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Child Custody / Visitation

Custody and Visitation In New York

If you do not live with the other parent of your child, it is very important that you obtain an order from the court granting you custody of the child. Without such an order, the other parent can take the child and leave the state or country. An order granting you custody of the child will be of great assistance in getting the child back should the non-custodial parent remove the child from New York. In New York, both Family Court and Supreme Court have jurisdiction regarding issues of custody. If the parents of the child are not married, they usually go to Family Court for a determination of custody and or visitation. If the parties are married, these issues are usually decided by New York Supreme Court in a divorce action.

There are two aspects of custody: legal custody and physical custody. Legal custody gives the parent the right to make important decisions about the child. The parent with physical custody, also known as the custodial parent, has the right for the child to live with that parent.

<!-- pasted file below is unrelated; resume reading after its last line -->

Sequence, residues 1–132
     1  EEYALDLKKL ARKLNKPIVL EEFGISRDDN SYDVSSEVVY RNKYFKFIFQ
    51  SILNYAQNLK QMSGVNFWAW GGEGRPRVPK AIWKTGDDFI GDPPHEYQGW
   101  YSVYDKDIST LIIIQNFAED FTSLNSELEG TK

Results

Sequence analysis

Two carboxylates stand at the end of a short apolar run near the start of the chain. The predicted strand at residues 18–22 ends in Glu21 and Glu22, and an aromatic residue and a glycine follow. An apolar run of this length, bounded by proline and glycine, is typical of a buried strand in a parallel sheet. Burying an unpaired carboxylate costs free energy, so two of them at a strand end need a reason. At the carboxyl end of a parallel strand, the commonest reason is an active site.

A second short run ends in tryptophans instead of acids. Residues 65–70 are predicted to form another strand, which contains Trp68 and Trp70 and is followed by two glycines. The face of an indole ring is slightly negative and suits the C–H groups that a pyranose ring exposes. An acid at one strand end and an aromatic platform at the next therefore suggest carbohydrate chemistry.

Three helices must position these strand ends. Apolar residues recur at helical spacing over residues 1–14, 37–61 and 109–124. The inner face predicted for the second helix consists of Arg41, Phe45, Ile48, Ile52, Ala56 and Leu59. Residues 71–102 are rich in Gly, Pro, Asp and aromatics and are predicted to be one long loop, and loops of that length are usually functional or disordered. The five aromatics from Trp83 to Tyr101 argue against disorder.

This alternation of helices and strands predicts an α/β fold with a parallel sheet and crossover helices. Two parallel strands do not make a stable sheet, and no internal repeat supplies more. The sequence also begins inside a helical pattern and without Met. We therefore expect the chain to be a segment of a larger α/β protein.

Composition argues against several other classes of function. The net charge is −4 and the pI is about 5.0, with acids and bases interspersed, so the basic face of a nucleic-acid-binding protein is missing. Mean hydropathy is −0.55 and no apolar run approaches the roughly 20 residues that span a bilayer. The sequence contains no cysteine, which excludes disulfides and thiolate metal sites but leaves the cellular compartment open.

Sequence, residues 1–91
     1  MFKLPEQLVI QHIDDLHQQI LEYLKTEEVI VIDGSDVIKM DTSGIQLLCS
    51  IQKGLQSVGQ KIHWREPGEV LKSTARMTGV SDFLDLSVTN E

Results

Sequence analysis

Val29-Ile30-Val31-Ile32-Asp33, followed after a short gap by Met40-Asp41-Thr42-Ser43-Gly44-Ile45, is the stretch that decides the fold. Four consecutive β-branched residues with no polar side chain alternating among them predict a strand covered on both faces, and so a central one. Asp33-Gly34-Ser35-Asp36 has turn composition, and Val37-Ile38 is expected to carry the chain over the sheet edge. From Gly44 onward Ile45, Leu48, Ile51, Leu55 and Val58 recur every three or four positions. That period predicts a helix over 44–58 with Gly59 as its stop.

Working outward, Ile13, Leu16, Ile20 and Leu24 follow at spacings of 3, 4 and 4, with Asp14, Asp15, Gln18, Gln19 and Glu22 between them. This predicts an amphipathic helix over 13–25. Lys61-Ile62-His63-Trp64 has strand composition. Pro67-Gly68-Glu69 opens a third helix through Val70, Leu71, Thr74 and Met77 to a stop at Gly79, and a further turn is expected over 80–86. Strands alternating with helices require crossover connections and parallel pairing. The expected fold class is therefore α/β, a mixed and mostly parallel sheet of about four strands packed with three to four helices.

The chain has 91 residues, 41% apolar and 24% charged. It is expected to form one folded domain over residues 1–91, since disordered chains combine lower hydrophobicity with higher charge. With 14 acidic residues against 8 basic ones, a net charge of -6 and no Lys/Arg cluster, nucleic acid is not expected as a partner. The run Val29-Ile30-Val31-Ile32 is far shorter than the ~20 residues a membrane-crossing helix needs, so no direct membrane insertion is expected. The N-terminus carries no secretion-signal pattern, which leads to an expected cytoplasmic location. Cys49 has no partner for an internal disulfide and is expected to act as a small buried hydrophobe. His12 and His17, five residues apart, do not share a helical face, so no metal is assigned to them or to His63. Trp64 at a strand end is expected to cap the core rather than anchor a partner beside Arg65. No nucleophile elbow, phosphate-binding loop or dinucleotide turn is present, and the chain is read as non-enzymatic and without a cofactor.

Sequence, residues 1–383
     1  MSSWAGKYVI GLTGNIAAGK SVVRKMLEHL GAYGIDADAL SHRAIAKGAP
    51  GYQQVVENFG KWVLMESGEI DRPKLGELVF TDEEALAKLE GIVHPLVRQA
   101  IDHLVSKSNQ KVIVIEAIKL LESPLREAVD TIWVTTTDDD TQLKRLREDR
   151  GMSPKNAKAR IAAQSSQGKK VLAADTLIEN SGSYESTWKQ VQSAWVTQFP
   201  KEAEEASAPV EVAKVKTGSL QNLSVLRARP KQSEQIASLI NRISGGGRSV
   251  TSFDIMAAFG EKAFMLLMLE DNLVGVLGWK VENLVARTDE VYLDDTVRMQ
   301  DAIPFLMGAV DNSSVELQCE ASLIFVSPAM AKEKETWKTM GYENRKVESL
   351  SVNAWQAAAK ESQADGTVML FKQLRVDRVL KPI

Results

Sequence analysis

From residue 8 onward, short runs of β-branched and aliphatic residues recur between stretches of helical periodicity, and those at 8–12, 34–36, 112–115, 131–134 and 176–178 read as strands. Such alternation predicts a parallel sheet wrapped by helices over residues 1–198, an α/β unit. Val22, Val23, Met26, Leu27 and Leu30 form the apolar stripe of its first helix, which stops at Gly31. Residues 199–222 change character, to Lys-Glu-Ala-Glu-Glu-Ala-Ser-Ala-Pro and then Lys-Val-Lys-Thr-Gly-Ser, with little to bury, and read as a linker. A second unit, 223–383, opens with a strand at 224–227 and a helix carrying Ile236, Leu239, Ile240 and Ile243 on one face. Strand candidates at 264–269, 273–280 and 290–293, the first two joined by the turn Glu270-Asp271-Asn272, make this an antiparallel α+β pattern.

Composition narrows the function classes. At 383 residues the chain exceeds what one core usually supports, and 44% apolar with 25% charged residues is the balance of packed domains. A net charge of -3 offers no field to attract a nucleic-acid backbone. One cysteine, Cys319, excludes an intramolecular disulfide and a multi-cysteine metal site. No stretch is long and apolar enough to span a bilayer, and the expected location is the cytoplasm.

One person may have both legal and physical custody. Another option is that both parties share legal custody, but only one has physical custody. Still another option is that the parties share both legal and physical custody; however this option is seldom used by the Court. The Court will usually decide that it’s in the best interest of the child to reside with only one of the parents.

With regard to visitation, the parent who does not have physical custody has the following options:
1. Reasonable visitation rights; and
2. Specified visitation rights, which, for example, may be limited to every other weekend and specified holidays, or Saturdays or Sundays every week plus specific holidays.

The Court usually takes the position that it’s in the best interest of the child to have contact with the non-custodial parent. If it is determined that there are issues of the child’s safety, supervised visitation may be granted by the Court. If an order of visitation is granted the custodial parent may not keep the non-custodial parent from visiting the child, even if the non-custodial parent has failed to pay child support. The issue of visitation and child support are two separate issues.